Memories of the lost |

Memories of the lost

Sue Held displays a bracelet given to her by American Airlines after 9/11. The bracelet commemorates her brother's presence on Flight 11 that morning. Sue carries it with her almost everywhere she goes as a subtle reminder of what she, and others, lost that tragic day.
Lance Maggart / Sky-Hi News |

This Sunday marks the 15th anniversary of what is, arguably, the most significant single date in US history since a brisk late Nov. morning when America’s 35th President was murdered. It is a day of infamy listed among the pantheon of ignominious dates many of us might prefer to forget; but for those who lost friends and family on 9/11, like part-time Granby resident Sue Held, it is an inescapable part of their lives, as essential to who they now are as the people they lost.

September 11 is seared into the minds of Americans. Like Pearl Harbor and Black Tuesday it is one of only a few events in American history that needs neither preface nor prologue. Now we are 15-years removed from the tragic events of that day but the scars still linger.


“The anniversaries are always tough,” said Sue Held. “People remember and say things to you. You see it on the news, particularly when you see the crashes over and over again. I sort of brace myself for what is coming.”

The images are ones Sue has seen replayed thousands of times since that fateful day; the second plane crashing into the south tower, flames and smoke already billowing from the north tower. “It got to where every time I saw it on the TV I sort of always said, ‘goodbye Chuck’. That was sort of how I dealt with it,” Sue said.

Mercifully for Sue footage of the first plane, American Airlines Flight 11, crashing into the north tower is less common as there were few cameras pointed at the sky when the horror began unfolding. Sue’s brother, Charles “Chuck” Jones, was riding on Flight 11. He was one of 81 passengers on the flight and was among the first people killed that day.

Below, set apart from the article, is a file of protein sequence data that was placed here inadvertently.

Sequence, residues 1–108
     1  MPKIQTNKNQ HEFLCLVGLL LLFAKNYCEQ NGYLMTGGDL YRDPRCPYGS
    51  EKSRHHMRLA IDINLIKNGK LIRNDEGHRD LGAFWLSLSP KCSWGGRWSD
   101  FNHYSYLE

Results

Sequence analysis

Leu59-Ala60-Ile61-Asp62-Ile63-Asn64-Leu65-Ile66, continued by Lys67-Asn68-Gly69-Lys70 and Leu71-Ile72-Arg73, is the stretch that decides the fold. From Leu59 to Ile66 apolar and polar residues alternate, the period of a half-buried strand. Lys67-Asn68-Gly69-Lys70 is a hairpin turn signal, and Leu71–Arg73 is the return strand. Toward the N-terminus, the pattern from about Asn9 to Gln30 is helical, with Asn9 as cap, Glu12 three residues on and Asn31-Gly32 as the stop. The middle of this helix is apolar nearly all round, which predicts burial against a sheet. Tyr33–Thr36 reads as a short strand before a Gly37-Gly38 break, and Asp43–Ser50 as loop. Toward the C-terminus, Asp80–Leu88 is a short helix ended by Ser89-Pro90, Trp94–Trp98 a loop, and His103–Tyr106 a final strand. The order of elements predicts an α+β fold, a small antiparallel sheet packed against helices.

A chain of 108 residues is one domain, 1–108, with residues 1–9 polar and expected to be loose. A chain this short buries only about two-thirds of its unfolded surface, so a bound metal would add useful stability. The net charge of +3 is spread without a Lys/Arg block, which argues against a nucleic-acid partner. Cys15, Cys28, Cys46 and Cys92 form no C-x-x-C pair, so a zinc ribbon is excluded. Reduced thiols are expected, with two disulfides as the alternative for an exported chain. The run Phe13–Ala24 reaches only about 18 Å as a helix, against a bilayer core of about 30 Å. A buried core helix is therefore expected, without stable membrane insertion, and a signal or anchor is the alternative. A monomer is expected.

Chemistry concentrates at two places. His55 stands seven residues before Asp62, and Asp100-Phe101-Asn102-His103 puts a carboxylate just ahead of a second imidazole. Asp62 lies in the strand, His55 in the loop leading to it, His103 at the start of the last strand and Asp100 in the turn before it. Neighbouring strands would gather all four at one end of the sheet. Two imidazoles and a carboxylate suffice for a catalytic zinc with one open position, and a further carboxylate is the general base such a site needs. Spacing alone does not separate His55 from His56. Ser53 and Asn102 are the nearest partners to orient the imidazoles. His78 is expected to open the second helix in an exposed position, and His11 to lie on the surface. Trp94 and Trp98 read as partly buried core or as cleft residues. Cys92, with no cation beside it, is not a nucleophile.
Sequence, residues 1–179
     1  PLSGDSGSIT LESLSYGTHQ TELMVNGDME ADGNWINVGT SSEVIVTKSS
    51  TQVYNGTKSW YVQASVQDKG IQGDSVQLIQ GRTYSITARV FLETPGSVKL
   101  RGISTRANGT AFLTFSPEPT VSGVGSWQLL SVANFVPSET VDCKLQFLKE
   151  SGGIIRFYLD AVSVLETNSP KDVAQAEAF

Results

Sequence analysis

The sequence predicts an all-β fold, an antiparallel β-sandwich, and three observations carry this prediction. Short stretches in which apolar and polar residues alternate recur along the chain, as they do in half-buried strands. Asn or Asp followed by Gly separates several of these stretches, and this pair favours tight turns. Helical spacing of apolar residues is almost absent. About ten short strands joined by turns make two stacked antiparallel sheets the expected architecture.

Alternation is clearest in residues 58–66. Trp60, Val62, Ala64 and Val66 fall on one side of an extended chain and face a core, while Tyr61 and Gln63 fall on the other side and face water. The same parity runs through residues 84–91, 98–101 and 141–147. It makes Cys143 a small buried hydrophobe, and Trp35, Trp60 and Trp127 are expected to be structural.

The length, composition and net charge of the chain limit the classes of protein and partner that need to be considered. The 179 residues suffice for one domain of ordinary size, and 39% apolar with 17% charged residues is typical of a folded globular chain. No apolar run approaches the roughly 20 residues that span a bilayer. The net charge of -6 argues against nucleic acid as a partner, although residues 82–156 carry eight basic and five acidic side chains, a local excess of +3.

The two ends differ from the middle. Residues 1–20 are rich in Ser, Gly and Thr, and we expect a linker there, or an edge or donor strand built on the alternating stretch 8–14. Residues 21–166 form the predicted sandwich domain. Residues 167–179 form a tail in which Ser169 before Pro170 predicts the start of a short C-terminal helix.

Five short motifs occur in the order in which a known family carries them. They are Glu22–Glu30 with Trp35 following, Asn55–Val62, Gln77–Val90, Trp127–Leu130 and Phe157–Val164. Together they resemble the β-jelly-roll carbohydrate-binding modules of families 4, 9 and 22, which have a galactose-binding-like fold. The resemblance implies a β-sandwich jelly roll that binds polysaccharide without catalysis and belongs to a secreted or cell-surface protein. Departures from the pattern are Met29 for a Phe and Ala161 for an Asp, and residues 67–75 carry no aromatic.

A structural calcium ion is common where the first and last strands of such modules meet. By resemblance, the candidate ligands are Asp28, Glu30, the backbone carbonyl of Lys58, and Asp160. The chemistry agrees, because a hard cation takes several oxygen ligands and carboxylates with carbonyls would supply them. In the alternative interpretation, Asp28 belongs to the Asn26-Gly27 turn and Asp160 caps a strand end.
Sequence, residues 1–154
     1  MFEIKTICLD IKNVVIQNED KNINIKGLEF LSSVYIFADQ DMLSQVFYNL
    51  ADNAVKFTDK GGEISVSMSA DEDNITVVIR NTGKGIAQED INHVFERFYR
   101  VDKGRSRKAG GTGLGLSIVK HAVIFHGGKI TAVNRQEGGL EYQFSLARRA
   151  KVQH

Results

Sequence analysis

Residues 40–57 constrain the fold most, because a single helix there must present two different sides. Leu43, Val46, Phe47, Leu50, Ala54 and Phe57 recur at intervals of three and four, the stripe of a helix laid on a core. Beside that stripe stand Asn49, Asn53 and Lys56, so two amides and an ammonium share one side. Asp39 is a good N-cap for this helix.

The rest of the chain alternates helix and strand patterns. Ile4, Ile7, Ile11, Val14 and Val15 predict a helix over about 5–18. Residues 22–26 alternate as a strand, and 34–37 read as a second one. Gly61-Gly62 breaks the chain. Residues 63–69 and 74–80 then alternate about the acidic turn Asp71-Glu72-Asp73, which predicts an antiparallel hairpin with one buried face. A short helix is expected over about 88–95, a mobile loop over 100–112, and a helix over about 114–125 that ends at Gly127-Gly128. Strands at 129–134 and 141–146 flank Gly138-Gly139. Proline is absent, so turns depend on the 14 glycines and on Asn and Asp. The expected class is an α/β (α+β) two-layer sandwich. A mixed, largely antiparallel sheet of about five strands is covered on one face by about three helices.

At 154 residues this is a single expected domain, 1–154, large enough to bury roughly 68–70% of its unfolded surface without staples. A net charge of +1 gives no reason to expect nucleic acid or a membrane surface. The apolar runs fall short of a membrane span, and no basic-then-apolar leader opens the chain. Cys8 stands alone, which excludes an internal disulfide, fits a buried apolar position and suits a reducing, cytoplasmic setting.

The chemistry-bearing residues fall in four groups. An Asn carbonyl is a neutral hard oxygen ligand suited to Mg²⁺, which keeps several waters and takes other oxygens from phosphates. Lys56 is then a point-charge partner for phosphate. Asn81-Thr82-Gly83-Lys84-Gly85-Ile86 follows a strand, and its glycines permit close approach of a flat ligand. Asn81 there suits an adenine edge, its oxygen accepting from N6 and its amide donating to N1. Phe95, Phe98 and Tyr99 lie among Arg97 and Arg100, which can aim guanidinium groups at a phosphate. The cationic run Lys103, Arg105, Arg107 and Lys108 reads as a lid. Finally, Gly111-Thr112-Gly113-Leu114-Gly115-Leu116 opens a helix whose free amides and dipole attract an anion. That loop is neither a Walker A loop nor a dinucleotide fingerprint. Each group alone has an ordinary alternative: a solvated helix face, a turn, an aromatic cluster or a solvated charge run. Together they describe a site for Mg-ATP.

As Sue looks back on the years since her world was turned upside she remembers he brother fondly. The two siblings were years apart in age but were the closest pair out of a set of five kids. Chuck was the family baby and something of a prankster, as Sue recalls. He once hid inflated balloons throughout Sue’s house and even sent a friend to pose as a reporter to ask Sue questions about her brother’s involvement in the Space Shuttle program. After Sue became exasperated Chuck emerged from some nearby bushes laughing.

Along with Sue’s fond memories of her prankster brother she also remembers him as an intelligent, fun and caring man. “He was a hunter,” Sue said. “But he would tell stories at times of not shooting.” She also remembers Chuck as an incredible achiever.

Chuck was a former military man who worked in the intelligence field for the US Air Force. He was the third youngest person to achieve the rank of Colonel in Air Force history according to Sue. He was also a part of NASA and was slated to go to space on a shuttle flight before the Challenger disaster scrapped the mission.

“I miss him (Chuck). I really do,” Sue said. “But it is not the pain of what I went through anymore so much as I just miss how fun he was to be around. He died at 48. What a waste of a brilliant mind.”